Archive for the ‘nature’ category

Signal and Noise

August 4th, 2014

“One man’s signal is another man’s noise,” began Dr. Kudeki as he derived incoherent scatter radar theory from Nyquist’s noise theorem in ECE458.  I think of that statement often, whether it be QRM on the ham bands or sifting through the pocket litter of web users looking for their consumption preferences.

This morning, I admired just such an example of signal and noise while watching the NOAA Doppler weather radar.  Undesired targets of a radar that return echoes are termed “clutter” in the radar parlance and one simplistic way of eliminating clutter, especially when you expect the desired scatterers (“targets”) to move, is to assume that all of the stationary returns are clutter.  In the weather radar, we get clutter from all sorts of stationary things like trees, hills, and buildings.  Of course, what causes the clutter to move?

You see, it was one of those humid August mornings when a ham’s mind wanders to…tropospheric ducting.  Yes, indeed the clutter returns were moving, intensifying before and after sunrise.  I was fixated on this and watched the loop over and over again before noticing an even more interesting bit of clutter!


Beginning at 0958 UT on 4 August 2014, there is a small ring forming out over the Elk River area.  The ring, which is indicated by the downward-pointing vertical arrows, expanded over the next >40 minutes.  I was puzzled and watched the loop over and over.  I considered and discarded a number of theories before resorting to Google.  Apparently, it’s very likely a flock of birds.  Sure enough, the epicenter of the ring is Elk Neck State Park.  Fascinating.

The slanted arrows in the figure above indicates the ground clutter that I was originally noticing as a signature of tropo ducting, obviously now of secondary interest in this sequence of images!

Epilogue:  I sent these frames to my father, who is an avid observer of the natural world.  He passed them along to two friends back home who are birders.  At press time, one reported that he had learned of these “bird circles” from Greg Miller, another birder from the area who got famous as one of the subjects of the book (and movie of the same title) The Big Year.  I haven’t read/seen it, but I guess they went to Adak, which has a special place in my heart.  Anyhow, it’s a funny small and interesting world in which we live.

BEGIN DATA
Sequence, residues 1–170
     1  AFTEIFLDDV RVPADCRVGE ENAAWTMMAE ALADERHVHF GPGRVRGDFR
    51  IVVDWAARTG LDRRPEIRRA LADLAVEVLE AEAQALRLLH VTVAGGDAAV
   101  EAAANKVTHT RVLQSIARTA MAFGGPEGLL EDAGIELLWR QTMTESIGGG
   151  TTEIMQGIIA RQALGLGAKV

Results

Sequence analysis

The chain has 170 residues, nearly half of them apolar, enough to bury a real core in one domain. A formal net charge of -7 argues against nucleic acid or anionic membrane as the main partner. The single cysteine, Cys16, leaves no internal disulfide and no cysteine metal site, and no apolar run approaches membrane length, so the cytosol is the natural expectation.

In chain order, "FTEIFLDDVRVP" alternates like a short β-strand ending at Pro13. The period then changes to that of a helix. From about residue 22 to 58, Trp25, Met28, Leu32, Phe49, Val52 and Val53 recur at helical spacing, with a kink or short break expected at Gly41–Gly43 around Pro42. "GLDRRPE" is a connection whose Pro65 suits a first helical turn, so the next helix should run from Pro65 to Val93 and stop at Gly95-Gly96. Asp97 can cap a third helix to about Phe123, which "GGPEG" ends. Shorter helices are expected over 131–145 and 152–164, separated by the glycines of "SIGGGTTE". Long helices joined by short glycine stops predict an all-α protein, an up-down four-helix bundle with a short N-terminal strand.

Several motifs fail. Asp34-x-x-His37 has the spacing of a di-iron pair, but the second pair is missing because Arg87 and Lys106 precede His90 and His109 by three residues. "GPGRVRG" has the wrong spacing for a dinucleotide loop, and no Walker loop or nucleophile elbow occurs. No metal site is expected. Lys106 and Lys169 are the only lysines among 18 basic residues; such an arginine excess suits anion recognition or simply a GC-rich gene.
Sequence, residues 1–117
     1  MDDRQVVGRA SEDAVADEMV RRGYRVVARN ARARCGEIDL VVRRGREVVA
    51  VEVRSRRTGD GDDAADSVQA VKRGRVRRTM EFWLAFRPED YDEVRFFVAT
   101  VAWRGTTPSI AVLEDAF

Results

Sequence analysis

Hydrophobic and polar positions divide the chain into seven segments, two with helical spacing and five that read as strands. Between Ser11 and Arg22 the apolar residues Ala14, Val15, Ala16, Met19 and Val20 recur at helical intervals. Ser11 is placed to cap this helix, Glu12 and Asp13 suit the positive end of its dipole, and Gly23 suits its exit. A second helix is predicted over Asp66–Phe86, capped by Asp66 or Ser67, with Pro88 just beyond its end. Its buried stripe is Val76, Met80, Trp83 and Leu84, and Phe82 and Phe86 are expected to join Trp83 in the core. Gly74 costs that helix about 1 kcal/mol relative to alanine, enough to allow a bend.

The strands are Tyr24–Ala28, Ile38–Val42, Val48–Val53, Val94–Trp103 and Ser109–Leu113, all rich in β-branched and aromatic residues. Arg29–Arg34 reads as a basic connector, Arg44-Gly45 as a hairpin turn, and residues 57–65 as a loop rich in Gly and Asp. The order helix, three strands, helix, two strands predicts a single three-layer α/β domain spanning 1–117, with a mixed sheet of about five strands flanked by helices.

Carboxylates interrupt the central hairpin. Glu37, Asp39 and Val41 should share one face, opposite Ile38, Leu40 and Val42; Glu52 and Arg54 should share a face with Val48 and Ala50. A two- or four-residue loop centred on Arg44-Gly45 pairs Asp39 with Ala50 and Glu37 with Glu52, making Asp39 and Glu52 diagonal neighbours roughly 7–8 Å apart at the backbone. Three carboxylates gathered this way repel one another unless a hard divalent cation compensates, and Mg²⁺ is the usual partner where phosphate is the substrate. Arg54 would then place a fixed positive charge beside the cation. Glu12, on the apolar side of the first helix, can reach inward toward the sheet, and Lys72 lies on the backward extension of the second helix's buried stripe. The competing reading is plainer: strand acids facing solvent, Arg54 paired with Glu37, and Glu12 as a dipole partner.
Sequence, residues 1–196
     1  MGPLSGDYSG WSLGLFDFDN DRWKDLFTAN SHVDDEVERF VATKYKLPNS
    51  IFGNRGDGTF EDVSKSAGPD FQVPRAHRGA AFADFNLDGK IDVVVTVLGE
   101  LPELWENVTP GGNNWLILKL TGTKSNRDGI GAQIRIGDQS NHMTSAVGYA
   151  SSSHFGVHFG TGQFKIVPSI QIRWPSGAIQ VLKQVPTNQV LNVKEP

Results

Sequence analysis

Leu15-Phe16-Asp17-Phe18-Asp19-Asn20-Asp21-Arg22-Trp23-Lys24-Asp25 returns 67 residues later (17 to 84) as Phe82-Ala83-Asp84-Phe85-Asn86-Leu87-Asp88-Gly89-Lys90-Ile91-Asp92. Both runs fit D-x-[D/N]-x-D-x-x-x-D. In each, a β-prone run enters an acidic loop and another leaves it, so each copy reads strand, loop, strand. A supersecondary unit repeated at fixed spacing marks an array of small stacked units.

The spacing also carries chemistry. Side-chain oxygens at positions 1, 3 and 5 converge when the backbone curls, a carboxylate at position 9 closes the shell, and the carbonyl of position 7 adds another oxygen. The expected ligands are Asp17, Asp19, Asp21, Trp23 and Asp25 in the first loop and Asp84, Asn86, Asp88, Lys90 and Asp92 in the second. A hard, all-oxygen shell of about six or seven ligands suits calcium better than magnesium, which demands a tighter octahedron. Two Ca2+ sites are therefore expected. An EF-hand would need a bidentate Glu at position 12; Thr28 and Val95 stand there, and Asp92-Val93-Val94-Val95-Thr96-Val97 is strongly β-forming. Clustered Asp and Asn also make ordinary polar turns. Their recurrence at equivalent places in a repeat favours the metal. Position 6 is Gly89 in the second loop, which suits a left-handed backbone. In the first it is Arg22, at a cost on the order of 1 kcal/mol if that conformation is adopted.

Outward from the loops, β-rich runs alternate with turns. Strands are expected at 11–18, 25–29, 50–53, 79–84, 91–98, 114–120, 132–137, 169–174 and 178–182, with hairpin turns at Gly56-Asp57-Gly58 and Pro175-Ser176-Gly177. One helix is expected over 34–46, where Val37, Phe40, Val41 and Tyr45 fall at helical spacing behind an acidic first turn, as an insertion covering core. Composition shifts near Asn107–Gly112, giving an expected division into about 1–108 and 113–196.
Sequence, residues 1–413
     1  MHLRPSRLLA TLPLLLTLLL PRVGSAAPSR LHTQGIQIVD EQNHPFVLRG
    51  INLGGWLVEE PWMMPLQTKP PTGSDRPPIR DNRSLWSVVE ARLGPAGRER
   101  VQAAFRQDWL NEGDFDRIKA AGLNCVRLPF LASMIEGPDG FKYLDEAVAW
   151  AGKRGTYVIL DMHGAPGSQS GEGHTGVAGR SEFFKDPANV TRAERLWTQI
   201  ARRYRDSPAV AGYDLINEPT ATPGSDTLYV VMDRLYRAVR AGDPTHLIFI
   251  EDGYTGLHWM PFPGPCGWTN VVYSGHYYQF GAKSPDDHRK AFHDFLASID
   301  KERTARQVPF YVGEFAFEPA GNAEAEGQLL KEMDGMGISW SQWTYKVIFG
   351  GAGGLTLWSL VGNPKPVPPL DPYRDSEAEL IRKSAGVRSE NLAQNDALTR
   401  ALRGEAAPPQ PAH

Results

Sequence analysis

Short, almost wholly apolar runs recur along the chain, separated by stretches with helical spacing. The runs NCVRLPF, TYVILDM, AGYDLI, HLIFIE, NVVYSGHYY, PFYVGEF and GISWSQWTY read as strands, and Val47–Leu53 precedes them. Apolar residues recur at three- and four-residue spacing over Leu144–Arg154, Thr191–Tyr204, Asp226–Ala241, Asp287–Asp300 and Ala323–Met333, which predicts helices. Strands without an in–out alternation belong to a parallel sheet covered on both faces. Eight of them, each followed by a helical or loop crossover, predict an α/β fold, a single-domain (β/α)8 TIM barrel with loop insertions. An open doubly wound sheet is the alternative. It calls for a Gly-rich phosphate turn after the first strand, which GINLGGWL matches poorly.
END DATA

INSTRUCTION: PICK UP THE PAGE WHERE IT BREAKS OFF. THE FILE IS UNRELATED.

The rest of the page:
Aurora 15 July 2012

July 16th, 2012

I was enjoying a leisurely sweltering summer Sunday afternoon in the back yard with Evan, Sarah, two Adirondack chairs, a kiddie pool, and the schematics for an IC-290A I have on the bench.  I came in to get a glass of water and while I was inside, I checked my e-mail (since I have some equipment for sale).  No prospective buyers, but I did have a message from Sean, KX9X, that he was working aurora on 6 and 2 meters.  I quickly plugged in the 2-meter rig and swung the beam around to the north.  Sure enough, there were raspy aurora signals all over two meters.  I quickly put N9GX (EN60) in the log for my first ever aurora QSO.  This was at least as cool as working K5QE on 2-meter Es with 10 watts.

So, I fumbled around a drawer and pulled out a cable to connect the TS-700S to the computer and fired up Audacity.  I made this interesting recording of KA1ZE/3.  I started out with the beam to the NE (45 degrees azimuth) with a strong auroral buzz on Stan’s signal.  Then I swung the beam around to the NNW direct path (345 degrees azimuth).  I’m in FM19la and he’s in FN01xt, which is exactly 200 miles (322 km) direct path.  On the direct (forward tropo scatter) path, there is still a hint of aurora, but the tone is a bit purer.  When I turn the rotor there is pretty bad hum from a (not unexpected) ground loop.

In order to better visualize a few things, I ran a short-time Fourier transform (this is the actual technical term for a “waterfall”) on the audio file.  I need to code-up a polyphase implementation of the FFT like that used in Rocky, but there are only so many hours in a day.  Click on the image for full-size.

There are lots of interesting details here.  First, you can see that the auroral scatter is both Doppler-shifted (lower in frequency) and Doppler-broadened (spread out from the central frequency) compared with the direct tropo scatter signal.  Second, you can see the ground-loop-induced hum at the low-frequency end.  Auroral backscatter comes from field-aligned plasma density irregularities embedded in the auroral convection flow.  Because most readers will be allergic to the vector math, we make the (somewhat gross) approximation that KA1ZE and I are transmitting and receiving from the same location.  Now, we can take a stab at estimating the flow velocity from the following equation:

Where delta-f is the Doppler shifted frequency (about 300-Hz from these data), c0 is the speed of light (300,000,000 m/s), f is the carrier frequency (144 MHz), and vflow is the flow velocity.  While we’re making approximations, if we round f up to 150 MHz, the twos cancel and we get the Doppler shift of 300 Hz corresponding to a flow velocity of 300 m/s (670 mi/hr).  Fast!  Because it is lower in frequency than the direct signal, we can also infer that the flow was directed away from us.

There you have it!  Science fair projects with your ham radio.

Wallops Island SuperDARN

February 21st, 2011

A few photographs from work on the Wallops Island SuperDARN radar last week…

Ice Snake

January 27th, 2011

More ice formation on the car—this time on the helical windings of my 40-meter mobile antenna.  That ought to tell us something about the structure of ice.

Ice on the hood

January 21st, 2011


September 16th, 2010